Jared Kushner has been quietly trying to resurrect discussions to overhaul the U.S. immigration system, multiple people familiar with the conversations have told NPR.
President Trump’s senior adviser and son-in-law has been meeting with business leaders, immigration hard-liners and other interest groups important to Republicans with the goal of rolling out a new immigration plan once Trump’s impeachment trial ended.
The effort responds to a lobbying push by business groups, which have sought to use the booming economy — a core part of Trump’s 2020 campaign message — to make their case for more workers to fill critical job openings.
But Kushner’s plan faces daunting odds. There is a gulf between what business interests want and what immigration restrictionist groups are willing to accept. And Democrats are expected to denounce any effort that does not address the 11 million undocumented immigrants living in the U.S. or the DREAMers — undocumented people brought into the country as children.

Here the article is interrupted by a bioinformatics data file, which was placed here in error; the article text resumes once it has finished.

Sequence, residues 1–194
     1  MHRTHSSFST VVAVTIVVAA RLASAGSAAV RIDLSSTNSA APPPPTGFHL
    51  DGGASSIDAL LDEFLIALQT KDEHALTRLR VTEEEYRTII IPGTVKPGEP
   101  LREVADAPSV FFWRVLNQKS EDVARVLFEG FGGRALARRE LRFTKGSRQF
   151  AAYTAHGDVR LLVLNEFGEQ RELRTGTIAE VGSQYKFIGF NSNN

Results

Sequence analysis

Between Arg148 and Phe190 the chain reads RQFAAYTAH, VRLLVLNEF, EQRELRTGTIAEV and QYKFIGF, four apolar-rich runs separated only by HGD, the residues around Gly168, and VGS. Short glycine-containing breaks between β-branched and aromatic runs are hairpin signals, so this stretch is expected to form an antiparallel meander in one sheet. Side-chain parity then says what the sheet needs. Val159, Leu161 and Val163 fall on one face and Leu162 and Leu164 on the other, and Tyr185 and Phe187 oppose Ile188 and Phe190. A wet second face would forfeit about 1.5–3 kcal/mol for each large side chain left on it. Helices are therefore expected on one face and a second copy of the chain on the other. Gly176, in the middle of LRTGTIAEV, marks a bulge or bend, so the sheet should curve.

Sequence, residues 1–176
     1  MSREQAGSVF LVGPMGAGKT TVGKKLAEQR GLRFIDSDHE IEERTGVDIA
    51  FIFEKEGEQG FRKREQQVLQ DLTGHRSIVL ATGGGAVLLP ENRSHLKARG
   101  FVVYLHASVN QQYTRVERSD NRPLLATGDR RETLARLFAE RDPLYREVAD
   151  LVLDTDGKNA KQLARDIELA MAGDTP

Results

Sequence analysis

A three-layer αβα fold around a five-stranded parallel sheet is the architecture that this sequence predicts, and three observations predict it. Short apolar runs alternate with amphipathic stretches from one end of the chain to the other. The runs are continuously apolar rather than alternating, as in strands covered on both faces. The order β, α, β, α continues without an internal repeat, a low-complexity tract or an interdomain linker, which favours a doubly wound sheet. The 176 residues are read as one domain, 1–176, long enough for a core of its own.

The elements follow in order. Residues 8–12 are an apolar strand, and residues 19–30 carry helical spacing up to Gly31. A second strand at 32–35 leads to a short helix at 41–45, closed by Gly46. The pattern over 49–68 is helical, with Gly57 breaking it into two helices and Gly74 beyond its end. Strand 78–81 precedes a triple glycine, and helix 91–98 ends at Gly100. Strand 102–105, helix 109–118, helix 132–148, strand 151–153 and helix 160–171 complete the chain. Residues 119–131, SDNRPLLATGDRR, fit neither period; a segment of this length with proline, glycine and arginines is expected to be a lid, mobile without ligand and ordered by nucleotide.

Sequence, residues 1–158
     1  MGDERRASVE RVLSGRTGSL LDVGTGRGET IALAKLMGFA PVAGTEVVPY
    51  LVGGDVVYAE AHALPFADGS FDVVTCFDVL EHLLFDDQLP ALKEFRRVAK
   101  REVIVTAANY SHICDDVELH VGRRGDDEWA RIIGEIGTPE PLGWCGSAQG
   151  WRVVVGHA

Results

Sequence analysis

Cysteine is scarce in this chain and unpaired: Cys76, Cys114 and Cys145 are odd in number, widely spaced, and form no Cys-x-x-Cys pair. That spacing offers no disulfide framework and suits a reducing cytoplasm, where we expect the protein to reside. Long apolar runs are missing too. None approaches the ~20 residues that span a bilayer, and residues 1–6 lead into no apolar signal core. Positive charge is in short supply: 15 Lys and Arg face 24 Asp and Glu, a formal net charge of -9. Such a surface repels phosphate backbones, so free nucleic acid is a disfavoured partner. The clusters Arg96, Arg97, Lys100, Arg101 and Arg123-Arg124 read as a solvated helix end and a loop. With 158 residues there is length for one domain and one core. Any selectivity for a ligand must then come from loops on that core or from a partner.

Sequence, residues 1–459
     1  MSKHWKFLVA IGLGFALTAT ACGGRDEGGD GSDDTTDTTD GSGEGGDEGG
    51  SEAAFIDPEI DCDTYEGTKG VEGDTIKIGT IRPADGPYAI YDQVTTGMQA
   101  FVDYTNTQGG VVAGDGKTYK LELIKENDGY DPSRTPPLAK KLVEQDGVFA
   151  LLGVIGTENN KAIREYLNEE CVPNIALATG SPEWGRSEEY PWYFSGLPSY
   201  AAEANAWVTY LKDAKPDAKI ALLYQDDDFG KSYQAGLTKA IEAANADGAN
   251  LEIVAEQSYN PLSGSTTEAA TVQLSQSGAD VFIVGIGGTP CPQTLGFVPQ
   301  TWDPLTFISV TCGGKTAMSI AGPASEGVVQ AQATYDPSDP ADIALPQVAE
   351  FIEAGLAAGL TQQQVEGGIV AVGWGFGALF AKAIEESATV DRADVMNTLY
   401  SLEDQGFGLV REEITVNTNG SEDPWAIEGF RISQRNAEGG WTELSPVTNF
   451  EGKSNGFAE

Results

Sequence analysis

The White House declined to respond to specific questions about the plan. The details of the plan have not been finalized and could change, or even be shelved.
“There have been no final decisions on specific policy proposals; however, the President has been clear we must have sane, rational immigration policy to keep American citizens safe that includes finishing the wall, securing our border, and a merit-based immigration system that protect American wages and jobs,” White House spokesman Hogan Gidley said.
The strategy is part of White House efforts to demonstrate that it is making progress on Trump’s previous promises while uniting Republicans on a list of principles as they head into the 2020 election.
“The Kushner plan on behalf of President Trump has a lot to like,” said Dan Stein, president of the Federation for American Immigration Reform, which advocates for stronger immigration enforcement.
By Franco Ordonez for N P R
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